The Boston Calling music festival comes Friday to the Harvard Athletic Complex, but abutting that (date wise) on this side of The Charles is its Boston Calling Film Festival, running Tuesday through Thursday and curated by Academy Award-winning actress and Harvard alum Natalie Portman. Her entertainment sidebar at last year’s music showcase was canceled; how that transmuted into the three-day “Female Gaze” lineup at the Brattle Theatre is a bit unclear – Portman, Boston Calling and others involved in programming have been tight-lipped.

Not that any of that matters; the seven films featuring strong female protagonists and feminist themes fold nicely in with the Brattle’s “A Year of Women in Cinema” focus. Classic staples bookend the slate, beginning with Stanley Kubrick’s adaptation of Nabokov’s timeless taboo tale, “Lolita” (1962) and concluding with William Friedkin’s viscerally chilling “The Exorcist” (1973), a thinking man’s horror film that changed the way a generation looked at split pea soup.  “Lolita” pairs with “The Holy Girl” (2004) directed by Lucretia Martel, an Argentinian flip of Kubrick’s film – in a way – as a young girl looks to save a doctor with unholy sexual proclivities. Likewise, “The Exorcist” is teamed up with Rungano Nyoni’s 2017 effort “I Am Not a Witch,” a tale based on true events revolving around a Zambian girl accused of channeling the occult.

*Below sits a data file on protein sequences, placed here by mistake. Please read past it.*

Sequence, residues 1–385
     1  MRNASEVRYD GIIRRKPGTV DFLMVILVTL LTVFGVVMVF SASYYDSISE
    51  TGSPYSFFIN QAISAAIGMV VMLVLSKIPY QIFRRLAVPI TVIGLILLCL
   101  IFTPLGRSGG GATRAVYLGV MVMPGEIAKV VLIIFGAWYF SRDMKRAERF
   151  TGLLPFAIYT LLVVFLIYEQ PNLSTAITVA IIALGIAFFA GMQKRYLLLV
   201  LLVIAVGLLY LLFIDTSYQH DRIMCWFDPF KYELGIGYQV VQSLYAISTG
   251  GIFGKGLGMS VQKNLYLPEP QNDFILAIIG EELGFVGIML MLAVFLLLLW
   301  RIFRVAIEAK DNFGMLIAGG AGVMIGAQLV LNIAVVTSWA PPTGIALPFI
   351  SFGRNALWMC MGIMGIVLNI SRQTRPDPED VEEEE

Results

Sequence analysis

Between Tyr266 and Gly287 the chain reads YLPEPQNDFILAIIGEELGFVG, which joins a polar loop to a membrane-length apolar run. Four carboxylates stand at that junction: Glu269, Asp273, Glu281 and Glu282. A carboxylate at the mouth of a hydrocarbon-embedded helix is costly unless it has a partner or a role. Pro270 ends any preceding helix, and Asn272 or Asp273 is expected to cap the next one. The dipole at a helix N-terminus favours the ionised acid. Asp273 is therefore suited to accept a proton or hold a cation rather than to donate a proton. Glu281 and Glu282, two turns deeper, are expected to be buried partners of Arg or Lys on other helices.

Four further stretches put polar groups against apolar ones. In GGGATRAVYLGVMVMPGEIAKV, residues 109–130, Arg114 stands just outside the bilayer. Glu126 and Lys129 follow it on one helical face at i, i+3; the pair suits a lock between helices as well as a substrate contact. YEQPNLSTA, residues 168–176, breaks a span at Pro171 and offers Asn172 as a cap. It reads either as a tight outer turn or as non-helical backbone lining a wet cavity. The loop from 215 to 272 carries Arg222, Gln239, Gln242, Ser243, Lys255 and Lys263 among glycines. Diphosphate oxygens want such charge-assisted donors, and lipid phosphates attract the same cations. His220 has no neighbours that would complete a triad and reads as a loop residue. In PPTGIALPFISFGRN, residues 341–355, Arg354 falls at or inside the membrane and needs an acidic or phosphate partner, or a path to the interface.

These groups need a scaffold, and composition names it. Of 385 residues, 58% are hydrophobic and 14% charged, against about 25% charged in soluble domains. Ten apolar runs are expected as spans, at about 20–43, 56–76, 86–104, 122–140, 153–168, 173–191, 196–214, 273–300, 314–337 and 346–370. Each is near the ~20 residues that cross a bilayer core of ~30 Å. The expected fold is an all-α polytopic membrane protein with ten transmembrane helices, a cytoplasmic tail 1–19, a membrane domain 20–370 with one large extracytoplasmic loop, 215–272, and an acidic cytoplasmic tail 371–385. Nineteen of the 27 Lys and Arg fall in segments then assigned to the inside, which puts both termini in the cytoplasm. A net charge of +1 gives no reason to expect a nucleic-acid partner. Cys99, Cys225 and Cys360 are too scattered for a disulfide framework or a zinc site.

Also on the docket is Chantal Akerman’s 1975 rare classic “Jeanne Dielman, 23 Commerce Quay, 1080 Brussels,” starring the grossly underappreciated Delphine Seyrig as a mother supporting herself and her son by taking gentlemen callers in their flat. Given the illicit nature of the occupation plied in “Jeanne Dielman,” it makes a perfect pairing (on Wednesday) with Luis Buñuel’s alluring, surreal contemplation about a bored housewife (Catherine Deneuve) who for enigmatic reasons (definitely not lack of money) also receives pay for pleasure in “Belle de Jour.” The 1967 film recently circulated the art house circuit as part of its 50th anniversary commemoration. Both films stand the test of time effortlessly, and a cinematic playbill that features Seyrig and Deneuve is hard to beat.

Also playing with “Lolita” and “The Holy Girl” is Marielle Heller’s “Diary of a Teenage Girl” (2015), telling the ordeal of a teenage girl (Bel Powley, simply sublime) in 1970s San Francisco having an affair with her mother’s boyfriend (Kristin Wiig and Andrew Skarsgård, both fantastic as well). Heller won the Boston Society of Film Critics’ Best New Filmmaker Award and is a directorial talent to watch. Upcoming in 2018, Heller helms a film about celebrity biographer Lee Israel, “Can You Ever Forgive Me?” starring Melissa McCarthy, and has a project in development about the same-sex marriage bill in California.

For tickets and information about Portman’s “Female Gaze” series, visit the Brattle Theatre website.

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